Writer-director Kevin Smith describes Jay and Silent Bob Reboot as “the greatest high school reunion we never went to.” That’s as good a way as any to prepare casual viewers of Smith’s filmography for this blend of fan service (in the best way) and participatory theater.
The theater part comes from its distribution, the Jay and Silent Bob Reboot Roadshow, where Smith and longtime pal Jason Mewes (the Jay to Smith’s mostly silent Bob) introduce the film and host an audience Q&A afterward. (Having recently immortalized their hands and feet in cement at Hollywood’s TCL Chinese Theater, the two are about 20 showings into a tour of roughly 60 stops nationwide and in Canada.) It’s a bit like watching Mystery Science Theater 3000 Live, where the stoked audience cheers and applauds the stoner humor as much as anyone they recognize from Smith’s films and friendships. There’s Matt Damon (Ford v. Ferrari)! Chris Hemsworth (Avengers: Endgame)! Supergirl’s Melissa Benoist! Walking Dead comics creator Robert Kirkman?
The plot, such as it is, starts with Jay and Silent Bob, now expressive through smartphone emoticons, selling weed next to the Quick Stop where they hung out in Smith’s 1994 breakthrough Clerks and met as babies in 2001’s Jay and Silent Bob Strike Back. An arrest and courtroom appearance ensues, with Hot Tub Time Machine’s Craig Robinson as Judge Jerry N. Executioner, a sampling of the film’s cleaner wordplay. Their lawyer (Justin Long, Smith’s Tusk, Alvin and the Chipmunks: The Road Chip) gets them off the hook, but he’s also unknowingly had them sign away the rights to their names because a film reboot of the Bluntman and Chronic characters that the pair inspired is on the horizon.
The two set out to stop the production in what would be a retread of Jay and Silent Bob Strike Back, after a detour to the mall and a visit with comics nerd Brodie Bruce (Jason Lee, Mallrats). In one of many meta moments, Brodie explains remakes and reboots to the daft pair as Hollywood changing “just enough to make you pay for the same s— all over again.” But the film finds its footing once Jay and Silent Bob reach Chicago, where Jay’s old flame Justice (Shannon Elizabeth, Swing Away) is a TV meteorologist and—surprise—the mother of the daughter he never knew he had.
Milly (Harley Quinn Smith, Once Upon a Time … in Hollywood, Smith’s daughter in real life) has a foul mouth to rival Jay’s but more brains. Smith’s films have some wincingly bad moments as far as representation, which here gives Milly’s Muslim friend the unnecessary name of Jihad (Aparna Brielle). (Deaf actress Treshelle Edmond, of Master of None, fares better as Milly’s deaf friend Soapy, delivering a great cut-down during the climax.)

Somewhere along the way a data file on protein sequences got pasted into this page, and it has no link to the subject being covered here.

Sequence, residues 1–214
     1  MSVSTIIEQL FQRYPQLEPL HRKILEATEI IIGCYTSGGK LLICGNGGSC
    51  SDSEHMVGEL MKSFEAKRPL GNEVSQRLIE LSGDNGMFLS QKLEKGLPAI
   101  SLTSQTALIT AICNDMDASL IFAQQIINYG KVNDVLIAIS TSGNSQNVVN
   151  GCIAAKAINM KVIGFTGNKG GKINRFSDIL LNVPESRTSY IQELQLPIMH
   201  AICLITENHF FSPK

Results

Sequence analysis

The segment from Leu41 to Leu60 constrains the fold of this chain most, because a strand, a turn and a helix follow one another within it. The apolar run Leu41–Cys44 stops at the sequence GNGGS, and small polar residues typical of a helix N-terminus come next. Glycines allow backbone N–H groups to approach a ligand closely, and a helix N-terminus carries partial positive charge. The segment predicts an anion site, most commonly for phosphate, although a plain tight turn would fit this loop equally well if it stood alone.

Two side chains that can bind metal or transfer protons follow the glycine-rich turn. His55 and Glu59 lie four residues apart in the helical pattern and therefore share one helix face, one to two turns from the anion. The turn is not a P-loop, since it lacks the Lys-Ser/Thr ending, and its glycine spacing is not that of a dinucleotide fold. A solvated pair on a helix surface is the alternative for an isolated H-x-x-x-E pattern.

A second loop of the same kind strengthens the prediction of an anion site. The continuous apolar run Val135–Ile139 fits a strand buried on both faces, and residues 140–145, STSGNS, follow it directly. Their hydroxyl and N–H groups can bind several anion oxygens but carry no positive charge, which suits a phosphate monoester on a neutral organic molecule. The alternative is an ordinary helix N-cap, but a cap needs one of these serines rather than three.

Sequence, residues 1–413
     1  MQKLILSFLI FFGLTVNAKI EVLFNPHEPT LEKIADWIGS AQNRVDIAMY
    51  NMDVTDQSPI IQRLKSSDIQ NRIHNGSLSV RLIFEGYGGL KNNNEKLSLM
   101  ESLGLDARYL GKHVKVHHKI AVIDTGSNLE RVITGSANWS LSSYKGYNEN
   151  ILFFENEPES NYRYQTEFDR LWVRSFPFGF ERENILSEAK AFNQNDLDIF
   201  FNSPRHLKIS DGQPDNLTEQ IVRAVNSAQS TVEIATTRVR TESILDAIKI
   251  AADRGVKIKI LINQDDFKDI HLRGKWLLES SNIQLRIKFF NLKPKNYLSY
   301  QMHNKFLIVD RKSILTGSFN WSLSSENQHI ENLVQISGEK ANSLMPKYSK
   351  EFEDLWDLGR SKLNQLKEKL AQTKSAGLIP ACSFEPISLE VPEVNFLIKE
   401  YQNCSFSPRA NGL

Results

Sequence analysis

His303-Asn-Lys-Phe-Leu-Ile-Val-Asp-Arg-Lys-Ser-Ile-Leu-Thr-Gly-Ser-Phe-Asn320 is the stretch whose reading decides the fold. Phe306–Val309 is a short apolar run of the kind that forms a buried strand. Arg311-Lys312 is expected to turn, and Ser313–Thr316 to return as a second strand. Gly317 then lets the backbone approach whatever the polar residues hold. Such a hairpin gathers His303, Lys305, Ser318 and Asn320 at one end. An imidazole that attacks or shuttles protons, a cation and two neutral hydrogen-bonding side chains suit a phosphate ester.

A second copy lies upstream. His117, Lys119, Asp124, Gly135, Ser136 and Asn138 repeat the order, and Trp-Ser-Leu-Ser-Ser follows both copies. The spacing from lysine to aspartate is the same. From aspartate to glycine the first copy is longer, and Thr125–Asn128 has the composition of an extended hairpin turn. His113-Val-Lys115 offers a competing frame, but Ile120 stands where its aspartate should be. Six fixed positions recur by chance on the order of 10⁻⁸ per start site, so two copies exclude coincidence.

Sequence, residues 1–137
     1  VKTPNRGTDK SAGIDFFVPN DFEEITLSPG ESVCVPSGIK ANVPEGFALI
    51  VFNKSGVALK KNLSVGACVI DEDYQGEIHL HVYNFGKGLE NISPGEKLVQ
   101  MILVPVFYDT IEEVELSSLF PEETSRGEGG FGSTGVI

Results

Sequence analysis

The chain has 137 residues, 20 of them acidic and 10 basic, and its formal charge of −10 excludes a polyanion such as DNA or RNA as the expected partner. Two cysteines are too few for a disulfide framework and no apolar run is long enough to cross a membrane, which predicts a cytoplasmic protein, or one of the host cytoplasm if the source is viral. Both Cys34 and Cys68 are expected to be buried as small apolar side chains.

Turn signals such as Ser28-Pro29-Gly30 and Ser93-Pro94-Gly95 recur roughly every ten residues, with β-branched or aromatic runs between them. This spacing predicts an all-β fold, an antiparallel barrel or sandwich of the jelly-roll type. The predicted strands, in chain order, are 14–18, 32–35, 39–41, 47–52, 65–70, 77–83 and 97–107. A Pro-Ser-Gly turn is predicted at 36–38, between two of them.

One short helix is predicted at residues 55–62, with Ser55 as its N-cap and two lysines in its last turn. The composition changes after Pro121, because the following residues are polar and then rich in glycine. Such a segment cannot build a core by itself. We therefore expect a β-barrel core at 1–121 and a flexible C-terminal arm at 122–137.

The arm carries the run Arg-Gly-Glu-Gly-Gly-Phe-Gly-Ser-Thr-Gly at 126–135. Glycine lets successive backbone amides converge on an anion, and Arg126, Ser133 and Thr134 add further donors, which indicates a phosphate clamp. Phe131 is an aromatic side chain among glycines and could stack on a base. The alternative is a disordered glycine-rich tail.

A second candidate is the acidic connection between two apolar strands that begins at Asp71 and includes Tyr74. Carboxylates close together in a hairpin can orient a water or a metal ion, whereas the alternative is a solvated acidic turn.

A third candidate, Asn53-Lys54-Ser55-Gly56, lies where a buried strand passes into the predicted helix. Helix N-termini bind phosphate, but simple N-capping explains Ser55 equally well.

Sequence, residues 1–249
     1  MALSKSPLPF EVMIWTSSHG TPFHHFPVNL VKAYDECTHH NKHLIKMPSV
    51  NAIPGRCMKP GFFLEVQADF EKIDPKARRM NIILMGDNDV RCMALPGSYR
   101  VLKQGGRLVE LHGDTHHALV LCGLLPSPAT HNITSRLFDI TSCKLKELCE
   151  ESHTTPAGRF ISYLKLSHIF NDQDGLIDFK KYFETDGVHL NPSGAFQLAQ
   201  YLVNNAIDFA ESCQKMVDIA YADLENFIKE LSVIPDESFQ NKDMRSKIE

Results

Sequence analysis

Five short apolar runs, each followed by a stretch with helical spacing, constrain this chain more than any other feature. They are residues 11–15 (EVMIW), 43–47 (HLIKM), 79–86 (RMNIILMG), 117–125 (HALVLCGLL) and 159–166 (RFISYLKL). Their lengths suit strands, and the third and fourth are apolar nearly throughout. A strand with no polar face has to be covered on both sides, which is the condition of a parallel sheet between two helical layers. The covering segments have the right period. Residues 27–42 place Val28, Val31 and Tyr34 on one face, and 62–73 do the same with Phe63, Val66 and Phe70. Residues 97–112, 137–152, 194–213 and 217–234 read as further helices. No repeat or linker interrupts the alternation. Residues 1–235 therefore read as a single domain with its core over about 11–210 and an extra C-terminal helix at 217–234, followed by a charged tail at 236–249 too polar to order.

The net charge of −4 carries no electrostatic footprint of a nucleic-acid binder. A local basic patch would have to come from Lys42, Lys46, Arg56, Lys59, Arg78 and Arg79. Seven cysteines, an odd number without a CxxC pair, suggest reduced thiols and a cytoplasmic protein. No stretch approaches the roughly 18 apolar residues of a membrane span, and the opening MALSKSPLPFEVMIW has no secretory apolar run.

But Smith also has been progressive in films like Clerks, Chasing Amy, and Dogma in poking fun at men’s discomfort with women’s sexuality. One delight of Jay and Silent Bob Reboot is watching how aghast Jay becomes at Milly’s behavior, which wouldn’t bother him if she were a guy. Harley Quinn Smith does a fine job of grounding the father-daughter storyline among the self-referential lunacy, which includes cameos of the Clerks cast—in black and white, like that film—and her dad playing an exaggeration of himself, minus his signature backward ball cap.
Aside from Jay’s teeter toward maturity, the film’s other emotional growth comes from Ben Affleck (Justice League) and Joey Lauren Adams (Grey’s Anatomy), reprising their roles as Chasing Amy’s friends and former lovers Holden and Alyssa. Alyssa is developing Chasing Amy for Netflix from a queer perspective (a nod to Smith’s critics about the film), and the two co-parent a daughter that Holden helped father for Alyssa and her girlfriend. The catching up lets Affleck, who once had a falling out with Smith, deliver the introspective monologue usually left to Silent Bob, a mix of goofy puns and warmth. Smith caps it all with footage of him bantering with his mentor and friend, late Marvel Comics writer and publisher Stan Lee, whose affection for Smith is genuine.
Smith arguably is more successful these days at being himself: a witty podcaster, host, and raconteur about pop culture. Your mileage may vary on the humor of Jay and Silent Bob Reboot during a home viewing, but in person, Smith’s charm and sincere self-deprecation shines.
“I’ve got a theory that I did die, and this is Heaven,” he said at the Tampa screening, referencing his 2018 heart attack. “They show my film to a crowded theater every night, and everyone gets every f—ing joke.”